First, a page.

Posted 3/13/2010 5:41am by Mark Boen.

We are so excited by the surge of excitement for our CSA in the Fargo/Moorhead, Dilworth, Glyndon, Perham, Ottertail Lake, Battle Lake, Underwood, Fergus Falls, Pelican Rapids and Wahpeton/Breckenridge areas!!  We are also very open to serving Rothsay and Barnesville.  Our overriding theme is connection with our farm through the box deliveries, email and website connection and through the exciting farm events!  In this quick blog, I will attempt to answer some of the great questions that have come up over the last week...


This is an awesome question!  $500 does sound like a lot of money for the full share.  But when you break that down over the twenty week season, it is $3.57 a day.  For the cost of a fast food sandwich, your family can eat our minutes-fresh vegetables each day of the week for twenty weeks.  To me, that in itself is a great deal.  But if you attend the farm events and gather the harvest for your winter months, so one day, you eat green beans that you froze from our bean harvest, the next day you have stir fry from the pea pods you harvested during the pea pick, another day tomatoes you canned from the tomato harvest days and you continuously enjoy the pickles you canned from the bushel of pickling cucumbers you gathered, the the cost is $1.36 a day!!  We are so excited to bring you our bounty of goodness in the midst of challenging economic times.  SAVOR THE FLAVOR OF SUMMER AT BLUEBIRD GARDENS!!  I am adding a page to the CSA menu bar on affordability. 


At each farm event, we will be checking off names of those attending from the list of CSA members and others who signed up for the farm events as a separate package.  So you can designate someone to attend in your place.  You will just have that person give us your name.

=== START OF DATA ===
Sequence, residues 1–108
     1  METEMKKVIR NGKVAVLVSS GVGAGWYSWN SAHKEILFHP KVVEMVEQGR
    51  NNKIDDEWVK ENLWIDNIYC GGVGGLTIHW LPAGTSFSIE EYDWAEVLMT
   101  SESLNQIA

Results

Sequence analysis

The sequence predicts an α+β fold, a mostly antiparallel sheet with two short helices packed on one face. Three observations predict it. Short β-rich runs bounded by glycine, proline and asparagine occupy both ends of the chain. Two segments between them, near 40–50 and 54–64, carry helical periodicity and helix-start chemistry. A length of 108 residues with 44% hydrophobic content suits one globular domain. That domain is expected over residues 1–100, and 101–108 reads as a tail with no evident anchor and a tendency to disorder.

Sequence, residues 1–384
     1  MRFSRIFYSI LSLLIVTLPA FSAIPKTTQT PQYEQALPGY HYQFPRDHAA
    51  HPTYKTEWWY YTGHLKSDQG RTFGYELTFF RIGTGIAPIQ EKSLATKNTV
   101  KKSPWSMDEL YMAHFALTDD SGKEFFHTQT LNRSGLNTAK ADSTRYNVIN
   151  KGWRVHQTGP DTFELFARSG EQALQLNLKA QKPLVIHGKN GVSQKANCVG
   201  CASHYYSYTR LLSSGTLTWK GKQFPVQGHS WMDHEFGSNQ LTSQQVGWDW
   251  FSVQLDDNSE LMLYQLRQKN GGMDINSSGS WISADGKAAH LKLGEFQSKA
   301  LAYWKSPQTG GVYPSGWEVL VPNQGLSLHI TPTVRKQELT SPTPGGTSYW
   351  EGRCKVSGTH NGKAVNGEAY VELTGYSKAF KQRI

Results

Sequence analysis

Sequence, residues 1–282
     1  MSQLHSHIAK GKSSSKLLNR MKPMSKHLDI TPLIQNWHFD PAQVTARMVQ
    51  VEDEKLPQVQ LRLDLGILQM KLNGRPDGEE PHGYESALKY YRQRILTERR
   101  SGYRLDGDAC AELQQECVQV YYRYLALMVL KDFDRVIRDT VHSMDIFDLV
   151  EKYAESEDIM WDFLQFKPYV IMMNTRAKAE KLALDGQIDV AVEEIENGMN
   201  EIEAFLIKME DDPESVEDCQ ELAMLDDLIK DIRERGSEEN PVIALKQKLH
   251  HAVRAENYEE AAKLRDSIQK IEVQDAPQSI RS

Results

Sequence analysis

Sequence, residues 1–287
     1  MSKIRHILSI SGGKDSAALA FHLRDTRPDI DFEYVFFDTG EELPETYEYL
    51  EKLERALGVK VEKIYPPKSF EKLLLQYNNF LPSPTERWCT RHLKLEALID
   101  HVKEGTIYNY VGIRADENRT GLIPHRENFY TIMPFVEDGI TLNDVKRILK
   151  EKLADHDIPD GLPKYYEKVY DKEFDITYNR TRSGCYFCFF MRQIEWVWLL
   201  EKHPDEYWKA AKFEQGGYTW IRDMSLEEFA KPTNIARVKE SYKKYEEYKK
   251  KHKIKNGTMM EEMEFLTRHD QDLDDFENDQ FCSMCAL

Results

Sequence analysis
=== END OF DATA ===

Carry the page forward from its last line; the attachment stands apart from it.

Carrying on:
We will listen to your suggestions regarding times, but I am guessing that harvest events would be the most easily attended by you and your family if it were spread over a whole weekend.  So most farm events will be a Saturday and Sunday.  That way, you and your family can most likely attend.  Maybe you will choose to do the harvest on the way back from the lake on Sunday...whatever is best for you.  But,we are very flexible.  Suppose you work the weekend.  If you contact us, we will be most willing to accomodate you to a time that works for you.  The goals of the farm events are to connect you to our farm, have you soak up the bounty of our land and... to MAKE A MEMORY WITH YOUR FAMILY!!


We already have some awesome people volunteering to be drop off sites.  Drop off hosts will get extra pasture-fed chickens from us.  First we will complete the membership drive.  Then we will look for sites, or hopefully have volunteers, that seem to be great locations.  THEN, we will let each CSA member choose the spot that is most convenient as the drop off site.  You may choose a site that is close to an area where you work, shop or where your day care is.  So the site you choose when you sign up is not written in stone.


If you want to hear more, or want to share this CSA opportunity with others, I am most willing to come to any neighborhood or work site and do a quick presentation and mostly, just answer questions about our CSA.  I think it would be very fun for people at a work site to become CSA members.  Think of the fun you could have with it.  Your drop site could be your work place.  How convenient!!  Then, with your fellow workers, you could share how you fixed the produce.  Who has the best onion ring recipe??   And...if you can stand one more day with them:-), you could attend the farm events with the people you work with.  But this same idea of comradery could apply to any setting.  It could be your apartment building, a senior citizen living center or a group of neighbors.

I am energized by the surge of excitement over our the Bluebird Gardens CSA.  I foresee it in the years to come to be a grand community affair!!


I will be at the Spring Spectacular Home and Garden Show at the Civic Center the weekend of March 20.  Feel most free to stop by and visit!!


Posted 2/24/2010 2:26pm by Mark Boen.